1. 24 hectares (60 acres mas o menos) en La Paz, a small rural town about half way between Cuenca & Loja. We were able to get it for 60k. It has a pristine biew of the valley, two narrow waterways that supply the water for the towns in the valley, Wild Blueberry treeas all over it & maybe 350ft of roadfront property on the main highway.

Vilcabamba area

1.  Malacatos, near Vilcabamba that I bought in May,2011 for $6.83 m2 that is 11,000m2.

2. bought a house in Vilcabamba for 165K in March 2013, land 3,500 sq m. construction 140 sq m, 3 bedrooms, 2 bathrooms , 2 years old, American standards. Sloping land, landscaped, excellent view.

Cuenca area 

1. Cuenca, South side on Rio Tomebamba. 2 floor penthouse condo with 2000 sf. Bought in Jan 2010 for $70K. Found it in the local paper. Condo is 7 yrs old.
2. Cuenca, 10 min (by taxi) from Plaza de Armas.  $67,000.  apartment, 2 bed/2 bath with (solar) heated water, washer/dryer hookups. one of the bedrooms is en-suite. apartment complex was built in 2011.  apt. is 80 square meters, on the 2nd floor of a 4 story apt. complex.

3. on the Tomebamba River in Cuenca El Centro. $175000.  Penthouse condo – brand new.  150 sq meters – includes 30 meters sq of terrace.  October 1 2013

4. Lot 45 minutes from Cuenca, near Paute $40K gental hill side over looking Paute river.  4295 sq mtr, about 1 acre,  January of this year.  has power and water to it

5. 7 hectare (about 17 acres) finca near Guachapala (it’s halfway between Paute and Guachapala) earlier this spring (2013). It has a 3BR/1bath house (in pretty good shape), lovely rock outcroppings, small pine forest, 800 producing fruit trees of several varieties, large spring-fed pond stocked with tilapia, and the access is excellent. The asking price was $165k and they got it for $150k.

6. Cuenca – edificio fronting Rio Yanuncay $89,500.  Apartment, built in 2010 , 116m2 + parking space & small storage area Bought Jan, 2011.  3 br, 2.5 ba.

7. Chordeleg – rural  $160,000.  Orchard, garden, House, empleada      Constructed 20 years +/-  Land = 5945m2 Main house = 180m2 2nd “house” 65m2 Bought May  2009
8. Cuenca.  first floor three bedroom two and a half bath condo for 100,000.00 USD at the corner of Premier de Mayo and Avineda des Americas in Cuenca. The purchase was made last October and the unit is rented out at $875.00 per month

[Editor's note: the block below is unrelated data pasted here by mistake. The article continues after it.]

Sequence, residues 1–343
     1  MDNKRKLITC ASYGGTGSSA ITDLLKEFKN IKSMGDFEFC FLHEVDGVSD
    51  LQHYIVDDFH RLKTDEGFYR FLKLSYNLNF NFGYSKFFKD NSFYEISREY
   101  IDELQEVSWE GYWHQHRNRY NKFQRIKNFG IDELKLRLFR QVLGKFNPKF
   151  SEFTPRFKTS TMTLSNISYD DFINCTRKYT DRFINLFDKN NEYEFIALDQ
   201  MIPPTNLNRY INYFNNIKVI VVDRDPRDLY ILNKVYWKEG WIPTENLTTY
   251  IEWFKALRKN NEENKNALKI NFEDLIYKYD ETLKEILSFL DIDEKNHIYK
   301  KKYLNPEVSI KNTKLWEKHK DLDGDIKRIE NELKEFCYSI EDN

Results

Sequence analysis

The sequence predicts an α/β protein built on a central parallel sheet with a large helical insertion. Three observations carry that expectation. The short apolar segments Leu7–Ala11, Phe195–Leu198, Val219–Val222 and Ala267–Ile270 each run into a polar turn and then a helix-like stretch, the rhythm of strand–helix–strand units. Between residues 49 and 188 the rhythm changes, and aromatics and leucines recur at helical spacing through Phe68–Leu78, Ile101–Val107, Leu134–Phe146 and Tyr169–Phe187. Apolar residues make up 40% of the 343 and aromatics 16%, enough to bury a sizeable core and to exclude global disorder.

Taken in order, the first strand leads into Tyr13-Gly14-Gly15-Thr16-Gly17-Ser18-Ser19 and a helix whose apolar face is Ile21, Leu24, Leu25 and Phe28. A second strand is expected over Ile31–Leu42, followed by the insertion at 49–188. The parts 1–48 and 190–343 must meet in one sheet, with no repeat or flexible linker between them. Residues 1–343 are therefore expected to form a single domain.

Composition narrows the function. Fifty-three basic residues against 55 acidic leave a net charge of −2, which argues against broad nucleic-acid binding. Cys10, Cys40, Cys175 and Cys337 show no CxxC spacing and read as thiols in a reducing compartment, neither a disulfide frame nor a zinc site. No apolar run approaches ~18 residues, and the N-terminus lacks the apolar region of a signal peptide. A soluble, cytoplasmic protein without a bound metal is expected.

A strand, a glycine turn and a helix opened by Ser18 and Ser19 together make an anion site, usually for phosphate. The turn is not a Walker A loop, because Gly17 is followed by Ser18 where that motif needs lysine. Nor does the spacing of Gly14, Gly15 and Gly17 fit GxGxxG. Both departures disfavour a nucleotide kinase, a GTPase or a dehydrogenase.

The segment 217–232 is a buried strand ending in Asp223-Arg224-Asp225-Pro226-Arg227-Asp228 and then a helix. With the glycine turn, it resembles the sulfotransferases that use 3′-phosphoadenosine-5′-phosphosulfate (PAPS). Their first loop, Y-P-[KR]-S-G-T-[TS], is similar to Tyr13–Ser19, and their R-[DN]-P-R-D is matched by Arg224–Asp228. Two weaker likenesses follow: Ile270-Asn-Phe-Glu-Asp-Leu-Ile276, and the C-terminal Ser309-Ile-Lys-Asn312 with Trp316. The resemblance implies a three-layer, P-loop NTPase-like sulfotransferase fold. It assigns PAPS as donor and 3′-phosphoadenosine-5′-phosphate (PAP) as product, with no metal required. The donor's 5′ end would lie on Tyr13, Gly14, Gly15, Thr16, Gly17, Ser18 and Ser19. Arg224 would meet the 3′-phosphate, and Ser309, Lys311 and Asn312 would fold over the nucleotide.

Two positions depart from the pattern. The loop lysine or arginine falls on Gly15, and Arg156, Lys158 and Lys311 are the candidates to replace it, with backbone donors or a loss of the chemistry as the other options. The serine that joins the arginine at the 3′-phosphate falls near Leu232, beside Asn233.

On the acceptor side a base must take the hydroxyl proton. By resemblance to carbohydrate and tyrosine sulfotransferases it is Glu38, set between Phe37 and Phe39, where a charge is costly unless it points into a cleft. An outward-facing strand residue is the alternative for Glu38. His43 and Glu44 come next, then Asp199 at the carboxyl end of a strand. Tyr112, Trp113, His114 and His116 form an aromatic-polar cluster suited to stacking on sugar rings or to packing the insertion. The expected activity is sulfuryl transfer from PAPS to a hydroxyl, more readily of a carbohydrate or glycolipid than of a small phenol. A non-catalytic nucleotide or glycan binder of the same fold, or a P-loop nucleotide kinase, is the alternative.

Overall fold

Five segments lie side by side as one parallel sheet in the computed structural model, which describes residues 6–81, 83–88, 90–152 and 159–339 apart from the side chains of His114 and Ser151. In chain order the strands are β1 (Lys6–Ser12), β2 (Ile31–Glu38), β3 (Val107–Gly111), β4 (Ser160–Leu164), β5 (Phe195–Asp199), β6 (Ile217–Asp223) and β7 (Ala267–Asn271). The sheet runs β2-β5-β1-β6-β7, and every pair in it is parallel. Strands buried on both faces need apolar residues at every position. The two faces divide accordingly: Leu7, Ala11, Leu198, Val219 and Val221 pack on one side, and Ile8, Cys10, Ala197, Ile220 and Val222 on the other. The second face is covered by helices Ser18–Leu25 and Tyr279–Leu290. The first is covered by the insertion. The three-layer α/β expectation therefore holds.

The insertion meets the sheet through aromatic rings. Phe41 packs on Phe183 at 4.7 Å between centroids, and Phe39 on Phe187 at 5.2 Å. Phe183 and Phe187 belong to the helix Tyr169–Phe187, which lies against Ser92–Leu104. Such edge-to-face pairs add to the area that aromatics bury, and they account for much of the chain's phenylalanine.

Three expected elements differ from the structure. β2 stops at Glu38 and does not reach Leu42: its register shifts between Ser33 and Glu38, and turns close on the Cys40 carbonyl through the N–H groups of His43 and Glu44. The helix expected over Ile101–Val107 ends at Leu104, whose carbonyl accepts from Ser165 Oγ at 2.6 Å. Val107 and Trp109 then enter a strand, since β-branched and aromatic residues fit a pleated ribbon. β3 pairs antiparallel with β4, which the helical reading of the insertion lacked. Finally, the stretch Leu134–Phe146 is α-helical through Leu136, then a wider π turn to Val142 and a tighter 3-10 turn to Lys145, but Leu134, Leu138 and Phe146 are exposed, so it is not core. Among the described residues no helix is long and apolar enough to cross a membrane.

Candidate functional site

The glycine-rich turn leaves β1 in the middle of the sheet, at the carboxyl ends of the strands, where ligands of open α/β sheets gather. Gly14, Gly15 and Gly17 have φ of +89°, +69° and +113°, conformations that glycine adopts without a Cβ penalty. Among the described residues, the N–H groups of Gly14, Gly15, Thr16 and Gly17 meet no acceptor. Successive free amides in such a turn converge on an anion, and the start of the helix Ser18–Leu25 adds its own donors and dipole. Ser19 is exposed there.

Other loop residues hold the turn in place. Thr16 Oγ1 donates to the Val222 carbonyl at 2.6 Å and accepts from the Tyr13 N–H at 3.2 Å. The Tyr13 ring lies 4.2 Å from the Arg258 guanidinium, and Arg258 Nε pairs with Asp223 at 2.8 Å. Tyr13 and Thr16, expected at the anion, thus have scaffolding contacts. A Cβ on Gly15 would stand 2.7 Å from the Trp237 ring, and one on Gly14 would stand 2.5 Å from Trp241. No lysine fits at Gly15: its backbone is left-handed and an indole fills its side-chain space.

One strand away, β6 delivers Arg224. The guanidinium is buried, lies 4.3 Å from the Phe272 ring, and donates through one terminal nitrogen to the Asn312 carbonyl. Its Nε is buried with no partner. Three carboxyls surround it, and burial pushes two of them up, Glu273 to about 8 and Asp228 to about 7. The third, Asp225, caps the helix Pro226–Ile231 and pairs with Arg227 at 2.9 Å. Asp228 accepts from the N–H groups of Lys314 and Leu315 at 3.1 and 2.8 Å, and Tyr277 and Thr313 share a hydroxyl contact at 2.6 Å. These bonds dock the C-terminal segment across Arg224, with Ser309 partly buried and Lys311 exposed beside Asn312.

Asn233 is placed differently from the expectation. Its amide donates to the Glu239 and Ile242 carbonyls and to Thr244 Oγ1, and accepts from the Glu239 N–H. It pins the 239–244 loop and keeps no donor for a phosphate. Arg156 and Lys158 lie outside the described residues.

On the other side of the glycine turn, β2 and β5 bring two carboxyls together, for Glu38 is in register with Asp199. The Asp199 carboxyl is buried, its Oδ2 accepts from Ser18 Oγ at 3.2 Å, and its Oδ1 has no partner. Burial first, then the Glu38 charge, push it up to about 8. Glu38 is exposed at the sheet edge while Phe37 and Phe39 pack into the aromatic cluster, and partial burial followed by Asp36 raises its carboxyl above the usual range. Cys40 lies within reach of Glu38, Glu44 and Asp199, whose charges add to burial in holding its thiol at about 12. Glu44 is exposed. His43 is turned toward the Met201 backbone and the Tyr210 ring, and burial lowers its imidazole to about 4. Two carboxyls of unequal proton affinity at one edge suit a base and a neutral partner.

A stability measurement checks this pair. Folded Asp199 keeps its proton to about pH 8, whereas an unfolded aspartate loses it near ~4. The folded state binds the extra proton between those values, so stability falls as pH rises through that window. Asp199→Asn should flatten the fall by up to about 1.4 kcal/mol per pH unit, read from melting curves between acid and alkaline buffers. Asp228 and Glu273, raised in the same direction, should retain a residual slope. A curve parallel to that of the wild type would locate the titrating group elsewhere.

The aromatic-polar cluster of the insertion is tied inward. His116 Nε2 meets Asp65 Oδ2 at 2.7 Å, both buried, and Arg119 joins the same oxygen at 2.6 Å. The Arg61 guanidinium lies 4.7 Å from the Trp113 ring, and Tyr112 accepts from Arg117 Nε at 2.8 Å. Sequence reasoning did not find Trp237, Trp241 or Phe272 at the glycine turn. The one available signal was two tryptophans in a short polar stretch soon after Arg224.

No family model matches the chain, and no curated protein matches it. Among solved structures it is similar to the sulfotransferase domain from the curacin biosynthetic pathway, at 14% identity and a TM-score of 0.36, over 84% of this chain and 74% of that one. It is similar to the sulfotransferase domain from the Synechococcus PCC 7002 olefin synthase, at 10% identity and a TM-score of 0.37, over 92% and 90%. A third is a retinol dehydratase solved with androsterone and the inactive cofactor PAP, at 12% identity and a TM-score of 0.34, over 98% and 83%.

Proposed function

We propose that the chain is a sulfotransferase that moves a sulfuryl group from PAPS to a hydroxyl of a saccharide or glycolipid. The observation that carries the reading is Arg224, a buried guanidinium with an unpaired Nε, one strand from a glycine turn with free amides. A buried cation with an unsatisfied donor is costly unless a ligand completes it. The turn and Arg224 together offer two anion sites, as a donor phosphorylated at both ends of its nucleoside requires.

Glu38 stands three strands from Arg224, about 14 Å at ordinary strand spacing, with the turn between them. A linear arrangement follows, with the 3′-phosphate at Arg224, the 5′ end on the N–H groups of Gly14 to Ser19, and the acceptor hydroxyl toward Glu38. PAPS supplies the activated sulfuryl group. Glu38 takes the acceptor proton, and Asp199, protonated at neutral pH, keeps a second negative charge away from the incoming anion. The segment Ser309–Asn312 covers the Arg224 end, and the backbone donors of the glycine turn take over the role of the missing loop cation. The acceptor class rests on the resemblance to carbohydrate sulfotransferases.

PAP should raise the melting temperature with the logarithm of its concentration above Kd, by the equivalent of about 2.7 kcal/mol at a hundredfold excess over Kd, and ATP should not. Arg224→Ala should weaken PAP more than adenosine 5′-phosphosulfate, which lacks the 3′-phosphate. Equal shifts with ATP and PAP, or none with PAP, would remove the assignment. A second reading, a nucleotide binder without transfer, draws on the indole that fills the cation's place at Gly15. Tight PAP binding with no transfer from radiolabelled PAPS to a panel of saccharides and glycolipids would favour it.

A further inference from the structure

9. Cuenca. 3 blocks from Tomebamba river away from El Centro at Solano and Crespo $174000.  115 sq meter condo built in 2009 Bought October 2013.

 

Quito area and valleys

1. Centro area, one of the few condos facing Calle La Ronda near the Sur Arco.The purchase price was $38,000. The age of the complex is about 42 years old. The 3 bdrm unit itself is approximately 90sq. metros. The purchase date was in July of 2012.
.2 La Carolina/Quicentro area, across from the Mega Maxi on 6 de Decembre. This 12 floor penthouse suite (1 bdrm) is in a brand new complex. The purchase price was $85,000 and is about 50 sq. metros. The purchase date was May, 2013.
3. Quito, La Carolina $104 000 dollar US condominium under construction, delivery on April 2014.  flat of 60 square meter + parking Bought April 2013

4. Checa: For $ 180.000, in Nov. 2011, I bought a 2 bedrm house, in a triplex, with a third of a wall attached. Gardens to be enamorred by, but at that stage, no Internet nor the promised swimming pool etc… Today, with some of the amenities better established, the same house sells for $230.000. The development will soon include a medical center, the covered and the open swimming pool, a mini-market, and high speed Internet,  well as several other conveniences. By then, it will probably be worth closer to $250.000.
5. Cumbayá in Urbanización Meneses-Pallares near Colegio Menor. The property has 1,360 mts2 of land and the house has 760 mts2 of construction. It has some 17 years of being built. I sold it for $500K.
Ambato, Banos areas

1. AMBATO
-the actual purchase price – 125,000
-the type of property and age – RESIDENTIAL HOME /1994
-meters squared of land and construction – 300 / 344
-approx date of transaction 2006

2. BANOS   three bedroom house in  Banos ( near ambato) for $42,000.  it sits on a large lot but had no wall around it.  the house is brandnew but was not well made. white washed walls,no kitchen cupboards

Otavalo, Ibarra, Cotacachi, Atuntaqui areas (north of Quito)

1. Atuntaqui $31,000 . lot.  5,000m2.  6/2013 with irrigation water [4 blocks closer,  property starts at 25 per meter to 50]

2. North and west of Cotacachi.  $18,000.  Raw land some primary forest 1 hectarias flat, 9 hectarias steep from river to Peaks of mountain, accross river from dirt, drivable road. No buildings, electric, or phone.  We do have our own springs and reliable good quality water.  slightly less than 10 hectarias.  march of 2011

Amazon region
1. Between Tena and Archidona, Napo Province. $17,000 for 2.3 hectares of rural land, adjacent to a river (fertile). Cafe and cacao trees on 1 hectare, no construction.  Bought February 2013.

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Posted in Ecuador for Investors, Investor News/Analysis

RE: How much did they pay for coastal Ecuador real estate?

 

You can ask whatever you want for a property in Ecuador.  Doesn’t mean you’ll get it.

In fact, some are quite ambitious when they price properties in Ecuador.